Ohio State University press release.So they tested six(!) patients, and on that basis the claim to have identified "at least a subset of patients with chronic fatigue syndrome (CFS)". One does not need to read any further.
Discovery Could Lead to Faster Diagnosis For Some Chronic Fatigue Syndrome Cases
COLUMBUS, Ohio - For the first time, researchers have landed on a potential diagnostic method to identify at least a subset of patients with chronic fatigue syndrome (CFS), a complex disorder with no known definitive cause or cure.
In a pilot study of six patients, scientists detected specific antibodies linked to latent Epstein-Barr virus reactivation in blood samples from people who had experienced classic CFS symptoms and responded to antiviral treatment. Control blood samples from 20 healthy people showed no such antibodies.
And no only that, but "for the first time", none the less.
If anybody has identified subsets in CFS, it was Kathleen and Alan Light – long ago, with a much larger base of patients.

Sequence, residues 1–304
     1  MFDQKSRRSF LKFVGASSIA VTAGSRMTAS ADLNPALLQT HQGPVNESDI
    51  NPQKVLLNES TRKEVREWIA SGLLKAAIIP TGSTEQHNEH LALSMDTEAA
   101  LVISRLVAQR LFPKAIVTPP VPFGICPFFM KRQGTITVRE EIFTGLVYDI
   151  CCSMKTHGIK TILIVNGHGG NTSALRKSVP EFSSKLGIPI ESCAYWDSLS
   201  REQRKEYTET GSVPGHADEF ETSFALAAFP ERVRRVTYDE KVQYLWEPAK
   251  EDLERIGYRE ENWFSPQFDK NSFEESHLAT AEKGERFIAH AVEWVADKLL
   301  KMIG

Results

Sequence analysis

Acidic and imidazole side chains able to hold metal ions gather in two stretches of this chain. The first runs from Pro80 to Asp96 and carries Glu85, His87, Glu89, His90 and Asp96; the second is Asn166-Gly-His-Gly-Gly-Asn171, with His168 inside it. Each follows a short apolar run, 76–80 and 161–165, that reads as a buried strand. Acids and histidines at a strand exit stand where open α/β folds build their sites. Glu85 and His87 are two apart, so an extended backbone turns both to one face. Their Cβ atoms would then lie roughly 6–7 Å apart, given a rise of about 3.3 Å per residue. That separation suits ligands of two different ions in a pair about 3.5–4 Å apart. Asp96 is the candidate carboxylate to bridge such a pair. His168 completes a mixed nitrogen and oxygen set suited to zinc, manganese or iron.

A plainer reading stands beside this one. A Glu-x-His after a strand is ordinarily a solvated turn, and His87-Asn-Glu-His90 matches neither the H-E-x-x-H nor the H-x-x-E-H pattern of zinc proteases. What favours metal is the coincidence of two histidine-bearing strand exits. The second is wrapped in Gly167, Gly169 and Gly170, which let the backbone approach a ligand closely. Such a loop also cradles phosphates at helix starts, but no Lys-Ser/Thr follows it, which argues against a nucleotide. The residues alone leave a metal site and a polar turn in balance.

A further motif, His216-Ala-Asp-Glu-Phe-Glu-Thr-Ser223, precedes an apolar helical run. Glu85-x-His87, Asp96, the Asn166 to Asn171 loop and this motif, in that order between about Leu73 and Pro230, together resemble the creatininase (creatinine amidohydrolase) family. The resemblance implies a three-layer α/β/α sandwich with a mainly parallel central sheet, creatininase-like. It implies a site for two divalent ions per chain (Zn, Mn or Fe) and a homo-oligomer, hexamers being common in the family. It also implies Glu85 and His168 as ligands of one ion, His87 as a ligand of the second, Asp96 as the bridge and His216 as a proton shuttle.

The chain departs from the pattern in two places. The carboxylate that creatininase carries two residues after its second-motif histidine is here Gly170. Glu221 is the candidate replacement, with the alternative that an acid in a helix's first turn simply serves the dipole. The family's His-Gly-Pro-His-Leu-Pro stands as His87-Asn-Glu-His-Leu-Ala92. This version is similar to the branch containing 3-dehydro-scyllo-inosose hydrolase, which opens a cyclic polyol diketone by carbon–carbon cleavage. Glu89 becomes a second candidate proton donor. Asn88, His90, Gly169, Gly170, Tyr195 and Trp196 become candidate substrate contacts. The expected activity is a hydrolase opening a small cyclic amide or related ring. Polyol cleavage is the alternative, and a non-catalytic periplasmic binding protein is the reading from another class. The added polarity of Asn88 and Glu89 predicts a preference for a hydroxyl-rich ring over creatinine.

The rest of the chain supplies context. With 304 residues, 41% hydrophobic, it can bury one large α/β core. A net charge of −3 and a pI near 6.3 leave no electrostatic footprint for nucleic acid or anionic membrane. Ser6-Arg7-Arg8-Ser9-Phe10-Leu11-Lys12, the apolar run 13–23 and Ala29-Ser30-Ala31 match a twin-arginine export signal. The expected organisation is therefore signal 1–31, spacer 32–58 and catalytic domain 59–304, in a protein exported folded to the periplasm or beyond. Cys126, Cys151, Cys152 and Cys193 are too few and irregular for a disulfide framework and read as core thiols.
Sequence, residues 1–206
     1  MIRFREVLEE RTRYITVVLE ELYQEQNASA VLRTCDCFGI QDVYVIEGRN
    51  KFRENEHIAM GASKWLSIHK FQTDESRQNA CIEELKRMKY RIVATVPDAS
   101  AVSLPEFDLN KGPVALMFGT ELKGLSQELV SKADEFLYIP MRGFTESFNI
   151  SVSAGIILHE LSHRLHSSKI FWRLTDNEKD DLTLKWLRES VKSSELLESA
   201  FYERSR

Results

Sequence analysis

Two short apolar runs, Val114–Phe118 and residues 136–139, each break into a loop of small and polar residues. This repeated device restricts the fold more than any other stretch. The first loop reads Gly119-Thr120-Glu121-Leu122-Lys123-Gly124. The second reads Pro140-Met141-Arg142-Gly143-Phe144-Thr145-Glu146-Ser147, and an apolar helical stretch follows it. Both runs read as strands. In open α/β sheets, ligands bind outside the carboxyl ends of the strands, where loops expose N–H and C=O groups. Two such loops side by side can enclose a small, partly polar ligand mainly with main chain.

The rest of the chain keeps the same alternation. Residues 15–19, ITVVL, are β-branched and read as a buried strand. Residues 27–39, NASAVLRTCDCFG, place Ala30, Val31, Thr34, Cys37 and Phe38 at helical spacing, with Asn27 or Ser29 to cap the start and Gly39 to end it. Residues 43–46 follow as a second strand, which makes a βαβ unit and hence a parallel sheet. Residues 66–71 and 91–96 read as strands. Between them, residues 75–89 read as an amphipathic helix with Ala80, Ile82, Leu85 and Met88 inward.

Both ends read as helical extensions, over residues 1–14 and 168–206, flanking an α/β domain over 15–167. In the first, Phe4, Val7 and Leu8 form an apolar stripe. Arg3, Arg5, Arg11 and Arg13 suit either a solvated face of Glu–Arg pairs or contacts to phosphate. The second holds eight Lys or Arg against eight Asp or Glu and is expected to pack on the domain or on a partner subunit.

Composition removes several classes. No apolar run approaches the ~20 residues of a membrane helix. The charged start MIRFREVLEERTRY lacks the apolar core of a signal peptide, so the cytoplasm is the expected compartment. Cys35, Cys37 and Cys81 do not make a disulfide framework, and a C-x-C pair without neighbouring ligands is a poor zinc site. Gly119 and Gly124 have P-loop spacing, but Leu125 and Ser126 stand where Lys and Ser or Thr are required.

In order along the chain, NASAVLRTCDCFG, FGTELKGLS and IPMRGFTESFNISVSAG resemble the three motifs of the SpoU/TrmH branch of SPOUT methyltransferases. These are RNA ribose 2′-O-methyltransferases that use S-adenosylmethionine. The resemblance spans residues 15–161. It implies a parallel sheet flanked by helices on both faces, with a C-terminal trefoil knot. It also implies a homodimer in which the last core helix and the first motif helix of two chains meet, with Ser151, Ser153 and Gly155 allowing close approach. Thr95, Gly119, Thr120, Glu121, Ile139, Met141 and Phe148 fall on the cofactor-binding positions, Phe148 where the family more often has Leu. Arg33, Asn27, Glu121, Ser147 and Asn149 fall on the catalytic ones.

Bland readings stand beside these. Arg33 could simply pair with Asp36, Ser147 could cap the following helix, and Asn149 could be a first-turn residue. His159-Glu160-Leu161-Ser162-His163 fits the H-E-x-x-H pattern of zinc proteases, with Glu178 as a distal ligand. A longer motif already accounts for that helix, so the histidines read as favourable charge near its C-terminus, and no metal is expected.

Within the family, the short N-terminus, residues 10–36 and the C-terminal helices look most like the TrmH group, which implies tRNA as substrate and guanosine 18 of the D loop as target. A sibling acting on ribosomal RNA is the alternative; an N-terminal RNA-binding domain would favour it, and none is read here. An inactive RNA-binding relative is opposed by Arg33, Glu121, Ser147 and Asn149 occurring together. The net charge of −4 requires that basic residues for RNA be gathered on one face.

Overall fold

So who are these daft idiots, which lend their names to such BS?
Antibody to Epstein-Barr Virus Deoxyuridine Triphosphate Nucleotidohydrolase and Deoxyribonucleotide Polymerase in a Chronic Fatigue Syndrome SubsetMartin Lerner and Leonard Jason – guess my moderately elevated opinion of these two jokers just evaporated. While Lerner seemed a bit suspicious to me, Jason did not appear like someone who would participate in such publicity stunts – oh well.
A. Martin Lerner, Maria E. Ariza, Marshall Williams, Leonard Jason, Safedin Beqaj, James T. Fitzgerald, Stanley Lemeshow, Ronald Glaser
Maybe, just maybe, these results will hold up in a larger study – or maybe it goes the way of all Herpesviridae results in ME/CFS (I'm looking at you Jose Montoya).